The vulnerabilities expose Windows and Linux machines to attacks leading to denial of service, escalation of privileges, data tampering, information disclosure and black death (we made the last one up).
All these security bugs require local user access, which means that potential attackers will first have to gain access to vulnerable devices using an additional attack vector.
Exploitation of one of the vulnerabilities patched today, attackers can easily escalate privileges to gain permissions above the default ones granted by the OS.
They can be exploited to render machines running vulnerable drivers or software temporarily unusable by triggering denial-of-service states or to gain access to otherwise unobtainable information.
Nvidia has addressed the security issues in all affected software products and platforms with the exception of those tracked as CVE‑2021‑1052, CVE‑2021‑1053, and CVE‑2021‑1056 impacting the Linux GPU Display Driver for Tesla GPUs which will receive an update driver version starting with January 18, 2021.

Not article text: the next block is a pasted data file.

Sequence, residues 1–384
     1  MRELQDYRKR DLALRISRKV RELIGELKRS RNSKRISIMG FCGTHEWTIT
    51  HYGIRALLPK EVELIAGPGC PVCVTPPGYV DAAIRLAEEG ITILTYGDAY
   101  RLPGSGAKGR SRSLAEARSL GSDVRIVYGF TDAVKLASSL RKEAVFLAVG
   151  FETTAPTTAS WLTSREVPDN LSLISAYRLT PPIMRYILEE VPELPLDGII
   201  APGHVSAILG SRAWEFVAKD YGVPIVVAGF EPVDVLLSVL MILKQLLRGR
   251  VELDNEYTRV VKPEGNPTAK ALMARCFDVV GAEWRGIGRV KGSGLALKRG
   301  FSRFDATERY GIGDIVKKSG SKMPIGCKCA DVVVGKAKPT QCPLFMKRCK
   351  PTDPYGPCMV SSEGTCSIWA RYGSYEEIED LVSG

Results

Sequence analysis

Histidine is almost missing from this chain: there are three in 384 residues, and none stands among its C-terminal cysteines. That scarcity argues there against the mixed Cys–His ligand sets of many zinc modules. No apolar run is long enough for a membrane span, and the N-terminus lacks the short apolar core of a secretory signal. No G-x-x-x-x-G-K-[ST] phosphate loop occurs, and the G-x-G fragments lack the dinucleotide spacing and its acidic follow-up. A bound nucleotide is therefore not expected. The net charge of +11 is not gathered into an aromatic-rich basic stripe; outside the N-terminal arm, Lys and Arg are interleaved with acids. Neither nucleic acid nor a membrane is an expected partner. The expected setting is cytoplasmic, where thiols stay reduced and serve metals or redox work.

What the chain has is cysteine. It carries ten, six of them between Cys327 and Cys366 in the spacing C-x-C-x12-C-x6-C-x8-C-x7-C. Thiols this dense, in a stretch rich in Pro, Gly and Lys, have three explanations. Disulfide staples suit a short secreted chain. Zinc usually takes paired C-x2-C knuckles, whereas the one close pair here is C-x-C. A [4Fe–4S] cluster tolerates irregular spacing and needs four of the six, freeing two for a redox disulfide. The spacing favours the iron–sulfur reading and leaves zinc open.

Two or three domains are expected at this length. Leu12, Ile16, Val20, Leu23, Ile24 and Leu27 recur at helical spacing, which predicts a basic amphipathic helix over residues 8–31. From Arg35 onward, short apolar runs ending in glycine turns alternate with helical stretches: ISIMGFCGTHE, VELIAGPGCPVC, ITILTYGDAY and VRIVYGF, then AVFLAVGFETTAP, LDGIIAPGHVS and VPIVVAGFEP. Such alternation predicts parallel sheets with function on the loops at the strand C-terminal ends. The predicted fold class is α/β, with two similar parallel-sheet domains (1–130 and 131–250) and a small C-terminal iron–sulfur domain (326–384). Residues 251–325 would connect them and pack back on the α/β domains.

The bugs come with CVSS V3 base scores ranging from 5.3 to 8.4, with11 of them having received a high-risk assessment from NVIDIA.
Nvidia's security bulletin says that the "risk assessment is based on an average of risk across a diverse set of installed systems and may not represent the true risk of your local installation".
Nvidia recommends customers to update their GeForce, Nvidia RTX, Quadro, NVS, and Tesla GPU display drivers, as well as Virtual GPU Manager and guest driver software using the security updates available on the Nvidia Driver Downloads page.
The company says that some customers who will not patch the flaws manually may also receive security updates bundled with Windows GPU display driver 460.84, 457.49, and 452.66 versions from their computer hardware vendors.